The Army Reserves provides a means for you to serve your country in the Armed Services while remaining in a civilian role until you are needed for active duty. During this time you are required to attend training sessions to improve your skills and stay current on all relevant military training. Your salary in the Army Reserves is based on several factors including how many days a year you train.
Soldier Drill Pay
A solider in the Army Reserves is required to attend weekend drill sessions once a month and an annual two-week training session. Pay for weekend drill sessions and annual training is based on years of experience with the Armed Services and individual rank. For example, as of April 2011 a private first class with less than two years experience earns $3,575 annually while a staff sergeant with at least six years of experience earns $5,781 annually. At minimum, a soldier in the Army Reserves drills and trains for about 40 days a year.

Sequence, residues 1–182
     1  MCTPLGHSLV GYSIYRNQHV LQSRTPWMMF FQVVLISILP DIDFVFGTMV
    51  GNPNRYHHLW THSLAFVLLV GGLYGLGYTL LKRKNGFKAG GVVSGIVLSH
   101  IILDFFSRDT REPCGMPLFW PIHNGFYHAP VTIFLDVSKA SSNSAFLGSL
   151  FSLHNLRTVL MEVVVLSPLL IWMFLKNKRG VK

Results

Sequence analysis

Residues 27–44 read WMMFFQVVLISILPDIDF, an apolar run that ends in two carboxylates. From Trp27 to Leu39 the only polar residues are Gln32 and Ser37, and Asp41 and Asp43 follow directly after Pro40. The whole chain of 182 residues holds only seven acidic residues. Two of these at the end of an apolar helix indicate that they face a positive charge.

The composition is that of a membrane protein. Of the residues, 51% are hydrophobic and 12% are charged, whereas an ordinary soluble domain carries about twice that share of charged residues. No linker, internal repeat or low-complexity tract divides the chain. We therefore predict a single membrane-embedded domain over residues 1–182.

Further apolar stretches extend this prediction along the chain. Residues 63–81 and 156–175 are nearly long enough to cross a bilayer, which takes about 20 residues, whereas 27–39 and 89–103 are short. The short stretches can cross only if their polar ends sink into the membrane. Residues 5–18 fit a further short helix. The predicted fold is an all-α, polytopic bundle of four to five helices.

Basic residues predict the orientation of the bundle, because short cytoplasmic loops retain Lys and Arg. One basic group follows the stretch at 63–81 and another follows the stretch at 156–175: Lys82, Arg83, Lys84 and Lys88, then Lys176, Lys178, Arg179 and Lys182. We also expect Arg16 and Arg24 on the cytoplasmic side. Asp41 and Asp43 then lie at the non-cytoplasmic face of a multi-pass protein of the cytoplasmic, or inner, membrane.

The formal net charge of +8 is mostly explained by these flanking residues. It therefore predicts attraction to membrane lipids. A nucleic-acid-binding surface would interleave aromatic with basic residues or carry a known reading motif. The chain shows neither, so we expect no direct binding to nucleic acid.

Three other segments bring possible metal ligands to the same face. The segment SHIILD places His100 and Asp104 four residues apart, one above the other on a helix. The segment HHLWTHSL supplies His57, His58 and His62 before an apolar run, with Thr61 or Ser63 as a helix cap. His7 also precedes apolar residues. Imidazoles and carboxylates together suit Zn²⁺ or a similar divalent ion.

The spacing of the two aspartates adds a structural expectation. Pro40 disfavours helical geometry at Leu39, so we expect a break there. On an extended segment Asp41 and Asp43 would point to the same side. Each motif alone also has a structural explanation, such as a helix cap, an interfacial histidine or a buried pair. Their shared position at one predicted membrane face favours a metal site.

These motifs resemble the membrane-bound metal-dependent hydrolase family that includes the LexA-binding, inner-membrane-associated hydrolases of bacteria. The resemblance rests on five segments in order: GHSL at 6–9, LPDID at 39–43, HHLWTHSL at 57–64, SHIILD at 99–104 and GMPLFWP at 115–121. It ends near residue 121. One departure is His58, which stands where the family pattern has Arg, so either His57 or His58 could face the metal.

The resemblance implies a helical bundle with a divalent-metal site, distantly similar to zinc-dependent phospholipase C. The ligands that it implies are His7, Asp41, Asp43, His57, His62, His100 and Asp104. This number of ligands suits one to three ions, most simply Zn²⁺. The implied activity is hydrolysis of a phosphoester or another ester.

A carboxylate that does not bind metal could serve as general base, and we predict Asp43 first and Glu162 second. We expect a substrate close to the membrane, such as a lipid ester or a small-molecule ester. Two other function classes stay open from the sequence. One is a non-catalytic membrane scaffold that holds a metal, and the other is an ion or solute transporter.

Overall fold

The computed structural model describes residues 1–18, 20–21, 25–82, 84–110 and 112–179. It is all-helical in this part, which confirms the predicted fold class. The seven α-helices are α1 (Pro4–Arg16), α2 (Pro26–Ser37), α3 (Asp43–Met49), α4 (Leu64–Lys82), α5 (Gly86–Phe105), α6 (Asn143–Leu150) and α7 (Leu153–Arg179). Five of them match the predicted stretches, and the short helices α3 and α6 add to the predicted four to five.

Officer Drill Pay
Pay for an officer in the Army Reserves is based on the same criteria of rank and years of service which determines a reservist soldier's salary. As of April 2011, a second lieutenant with less than two years experience earns an annual salary of $5,754. A major in the Army Reserves with at least six years experience earns an annual salary of $11,550. An officer may be asked to perform extended duties including conducting training sessions for soldiers which may require more time than the standard time allotment.
Army Reserve Bonuses
A person who possesses desirable skills may earn a one-time bonus for enlisting in the Army Reserves, according to the Go Army website. A soldier possessing civilian skills in a critical area, including foreign language proficiency, may earn a civilian skill bonus of up to $20,000 through the Army Civilian Acquired Skills Program when he enlists for at least a six-year commitment with the Army Reserves. A soldier who does not possess skills in a critical area may still earn a one-time enlistment bonus of $20,000 if he chooses to enlist for at least a six-year period and completes special Army Reserve training.
Cost of Living Increases
A soldier or officer in Army Reserves may be called to active duty at any time. When a soldier or officer is called to active duty, her salary is raised to the appropriate level for a soldier or officer occupying her rank. The soldier or officer's benefits also include immediate enrollment in the Armed Service's Tricare Prime health insurance. While on active duty the Army pays for a reservist's meals, uniforms and housing costs.